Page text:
According to scientists at the NASA-supported National Snow and Ice Data Center (NSIDC), Arctic sea ice was at a record low wintertime maximum extent for the second straight year.
Image credit NASA Goddard’s Scientific Visualization Studio/C. Starr
At 5.607 million square miles, it is the lowest maximum extent in the satellite record, and 431,000 square miles below the 1981 to 2010 average maximum extent.
The new record low follows record high temperatures in December, January and February around the globe and in the Arctic. The atmospheric warmth probably contributed to this lowest maximum extent, with air temperatures up to 10 degrees Fahrenheit above average at the edges of the ice pack where sea ice is thin, said Walt Meier, a sea ice scientist at NASA’s Goddard Space Flight Center in Greenbelt, Maryland.
The wind patterns in the Arctic during January and February were also unfavorable to ice growth because they brought warm air from the south and prevented expansion of the ice cover. But ultimately, what will likely play a bigger role in the future trend of Arctic maximum extents is warming ocean waters, Meier said.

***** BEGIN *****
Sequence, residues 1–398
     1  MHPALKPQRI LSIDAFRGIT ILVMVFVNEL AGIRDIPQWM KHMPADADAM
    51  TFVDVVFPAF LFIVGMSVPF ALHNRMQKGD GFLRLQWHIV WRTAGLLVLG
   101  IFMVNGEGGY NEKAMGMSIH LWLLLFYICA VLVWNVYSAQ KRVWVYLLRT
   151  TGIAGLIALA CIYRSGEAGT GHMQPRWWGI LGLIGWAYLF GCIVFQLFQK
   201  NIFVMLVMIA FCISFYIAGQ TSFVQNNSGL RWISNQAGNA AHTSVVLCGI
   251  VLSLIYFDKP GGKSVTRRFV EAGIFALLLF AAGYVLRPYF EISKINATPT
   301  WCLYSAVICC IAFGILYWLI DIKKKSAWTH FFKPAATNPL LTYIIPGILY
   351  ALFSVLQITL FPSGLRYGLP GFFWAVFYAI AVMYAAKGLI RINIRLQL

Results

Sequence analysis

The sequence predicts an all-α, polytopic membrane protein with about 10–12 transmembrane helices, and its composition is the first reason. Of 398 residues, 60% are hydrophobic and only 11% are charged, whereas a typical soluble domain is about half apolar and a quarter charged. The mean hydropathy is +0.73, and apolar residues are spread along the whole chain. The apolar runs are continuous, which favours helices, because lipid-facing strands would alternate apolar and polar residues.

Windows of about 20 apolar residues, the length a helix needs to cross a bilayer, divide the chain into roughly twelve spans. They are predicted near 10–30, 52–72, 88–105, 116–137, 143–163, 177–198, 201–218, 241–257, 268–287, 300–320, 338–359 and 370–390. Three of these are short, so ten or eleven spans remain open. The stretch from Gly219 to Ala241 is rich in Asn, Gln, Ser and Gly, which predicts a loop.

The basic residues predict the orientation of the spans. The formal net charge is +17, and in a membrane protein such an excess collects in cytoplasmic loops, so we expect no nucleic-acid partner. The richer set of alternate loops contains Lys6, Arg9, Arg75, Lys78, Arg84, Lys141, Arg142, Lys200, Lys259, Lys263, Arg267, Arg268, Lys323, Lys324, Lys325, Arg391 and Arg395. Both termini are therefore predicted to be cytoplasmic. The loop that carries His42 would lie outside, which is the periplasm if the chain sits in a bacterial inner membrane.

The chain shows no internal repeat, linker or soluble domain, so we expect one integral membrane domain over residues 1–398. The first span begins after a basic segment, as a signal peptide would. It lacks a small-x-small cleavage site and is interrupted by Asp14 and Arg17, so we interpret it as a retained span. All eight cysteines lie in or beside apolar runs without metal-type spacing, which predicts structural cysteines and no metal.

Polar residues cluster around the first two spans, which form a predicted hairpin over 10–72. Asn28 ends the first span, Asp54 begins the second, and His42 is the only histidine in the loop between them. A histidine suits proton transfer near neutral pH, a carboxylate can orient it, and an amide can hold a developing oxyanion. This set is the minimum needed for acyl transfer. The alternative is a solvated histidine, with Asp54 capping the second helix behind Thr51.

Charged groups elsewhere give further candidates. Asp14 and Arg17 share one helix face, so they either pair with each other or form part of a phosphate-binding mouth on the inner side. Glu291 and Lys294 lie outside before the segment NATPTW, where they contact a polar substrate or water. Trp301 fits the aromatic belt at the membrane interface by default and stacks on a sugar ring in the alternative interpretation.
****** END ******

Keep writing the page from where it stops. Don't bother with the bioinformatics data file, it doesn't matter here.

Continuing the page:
“It is likely that we’re going to keep seeing smaller wintertime maximums in the future because in addition to a warmer atmosphere, the ocean has also warmed up. That warmer ocean will not let the ice edge expand as far south as it used to,” Meier said. “Although the maximum reach of the sea ice can vary a lot each year depending on winter weather conditions, we’re seeing a significant downward trend, and that’s ultimately related to the warming atmosphere and oceans.” Since 1979, that trend has led to a loss of 620,000 square miles of winter sea ice cover, an area more than twice the size of Texas.